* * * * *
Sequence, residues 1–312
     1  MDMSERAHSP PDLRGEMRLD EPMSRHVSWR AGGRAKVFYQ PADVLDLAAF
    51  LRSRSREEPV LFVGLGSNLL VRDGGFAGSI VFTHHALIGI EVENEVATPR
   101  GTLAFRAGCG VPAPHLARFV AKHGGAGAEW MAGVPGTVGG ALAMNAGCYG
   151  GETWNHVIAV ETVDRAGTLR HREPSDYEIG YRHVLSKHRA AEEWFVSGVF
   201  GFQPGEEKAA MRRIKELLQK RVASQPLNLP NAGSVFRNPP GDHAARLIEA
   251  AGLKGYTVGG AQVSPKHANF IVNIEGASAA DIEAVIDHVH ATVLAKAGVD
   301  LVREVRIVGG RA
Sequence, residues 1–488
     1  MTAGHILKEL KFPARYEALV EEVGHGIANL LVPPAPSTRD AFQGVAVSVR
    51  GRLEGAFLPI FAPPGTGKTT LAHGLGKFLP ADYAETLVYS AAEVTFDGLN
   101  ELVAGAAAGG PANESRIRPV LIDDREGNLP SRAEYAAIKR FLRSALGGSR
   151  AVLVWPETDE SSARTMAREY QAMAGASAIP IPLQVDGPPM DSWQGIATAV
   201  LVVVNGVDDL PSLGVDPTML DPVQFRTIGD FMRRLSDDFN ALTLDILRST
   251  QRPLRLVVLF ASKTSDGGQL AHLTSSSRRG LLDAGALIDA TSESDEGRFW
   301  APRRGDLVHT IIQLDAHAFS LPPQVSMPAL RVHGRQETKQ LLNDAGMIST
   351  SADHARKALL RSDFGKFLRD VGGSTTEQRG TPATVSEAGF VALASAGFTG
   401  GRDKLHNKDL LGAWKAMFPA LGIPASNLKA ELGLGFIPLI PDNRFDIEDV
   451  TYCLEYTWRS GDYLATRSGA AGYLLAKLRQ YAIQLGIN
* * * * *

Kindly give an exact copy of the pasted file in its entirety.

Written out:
Sequence, residues 1–312
     1  MDMSERAHSP PDLRGEMRLD EPMSRHVSWR AGGRAKVFYQ PADVLDLAAF
    51  LRSRSREEPV LFVGLGSNLL VRDGGFAGSI VFTHHALIGI EVENEVATPR
   101  GTLAFRAGCG VPAPHLARFV AKHGGAGAEW MAGVPGTVGG ALAMNAGCYG
   151  GETWNHVIAV ETVDRAGTLR HREPSDYEIG YRHVLSKHRA AEEWFVSGVF
   201  GFQPGEEKAA MRRIKELLQK RVASQPLNLP NAGSVFRNPP GDHAARLIEA
   251  AGLKGYTVGG AQVSPKHANF IVNIEGASAA DIEAVIDHVH ATVLAKAGVD
   301  LVREVRIVGG RA
Sequence, residues 1–488
     1  MTAGHILKEL KFPARYEALV EEVGHGIANL LVPPAPSTRD AFQGVAVSVR
    51  GRLEGAFLPI FAPPGTGKTT LAHGLGKFLP ADYAETLVYS AAEVTFDGLN
   101  ELVAGAAAGG PANESRIRPV LIDDREGNLP SRAEYAAIKR FLRSALGGSR
   151  AVLVWPETDE SSARTMAREY QAMAGASAIP IPLQVDGPPM DSWQGIATAV
   201  LVVVNGVDDL PSLGVDPTML DPVQFRTIGD FMRRLSDDFN ALTLDILRST
   251  QRPLRLVVLF ASKTSDGGQL AHLTSSSRRG LLDAGALIDA TSESDEGRFW
   301  APRRGDLVHT IIQLDAHAFS LPPQVSMPAL RVHGRQETKQ LLNDAGMIST
   351  SADHARKALL RSDFGKFLRD VGGSTTEQRG TPATVSEAGF VALASAGFTG
   401  GRDKLHNKDL LGAWKAMFPA LGIPASNLKA ELGLGFIPLI PDNRFDIEDV
   451  TYCLEYTWRS GDYLATRSGA AGYLLAKLRQ YAIQLGIN